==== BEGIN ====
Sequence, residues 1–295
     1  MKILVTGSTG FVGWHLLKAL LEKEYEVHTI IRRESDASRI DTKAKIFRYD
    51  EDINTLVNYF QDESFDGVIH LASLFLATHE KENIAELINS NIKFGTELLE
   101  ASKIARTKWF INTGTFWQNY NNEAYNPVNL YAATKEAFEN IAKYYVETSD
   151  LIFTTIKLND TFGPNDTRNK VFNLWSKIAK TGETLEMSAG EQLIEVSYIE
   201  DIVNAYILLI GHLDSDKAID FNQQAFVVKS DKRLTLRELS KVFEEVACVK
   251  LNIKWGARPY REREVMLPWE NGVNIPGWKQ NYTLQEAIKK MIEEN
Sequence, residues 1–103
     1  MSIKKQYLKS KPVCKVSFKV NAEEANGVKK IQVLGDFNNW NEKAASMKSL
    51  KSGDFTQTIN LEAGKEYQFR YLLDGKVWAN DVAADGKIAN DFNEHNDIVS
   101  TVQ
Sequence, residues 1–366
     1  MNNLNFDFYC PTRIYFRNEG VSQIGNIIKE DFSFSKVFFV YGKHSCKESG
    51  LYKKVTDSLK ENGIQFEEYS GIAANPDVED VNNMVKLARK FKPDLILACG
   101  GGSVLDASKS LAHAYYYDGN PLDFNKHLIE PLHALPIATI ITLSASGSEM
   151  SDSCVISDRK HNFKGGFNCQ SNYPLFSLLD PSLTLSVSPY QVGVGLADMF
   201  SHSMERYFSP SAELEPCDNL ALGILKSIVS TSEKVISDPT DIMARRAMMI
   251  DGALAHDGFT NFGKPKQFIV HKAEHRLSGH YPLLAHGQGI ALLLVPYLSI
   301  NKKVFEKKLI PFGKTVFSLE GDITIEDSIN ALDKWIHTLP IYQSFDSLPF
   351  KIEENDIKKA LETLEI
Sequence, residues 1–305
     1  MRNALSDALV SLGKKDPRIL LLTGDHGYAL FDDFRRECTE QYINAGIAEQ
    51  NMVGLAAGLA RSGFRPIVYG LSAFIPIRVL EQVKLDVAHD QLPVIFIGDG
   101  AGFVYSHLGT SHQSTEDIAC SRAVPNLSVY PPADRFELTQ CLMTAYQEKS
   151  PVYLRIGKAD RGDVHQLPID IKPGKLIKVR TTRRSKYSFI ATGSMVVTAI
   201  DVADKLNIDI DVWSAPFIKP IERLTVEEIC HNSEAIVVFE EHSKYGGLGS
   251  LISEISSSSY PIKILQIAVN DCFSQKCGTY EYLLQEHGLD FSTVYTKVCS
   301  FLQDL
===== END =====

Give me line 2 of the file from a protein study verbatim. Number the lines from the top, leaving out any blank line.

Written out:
     1  MKILVTGSTG FVGWHLLKAL LEKEYEVHTI IRRESDASRI DTKAKIFRYD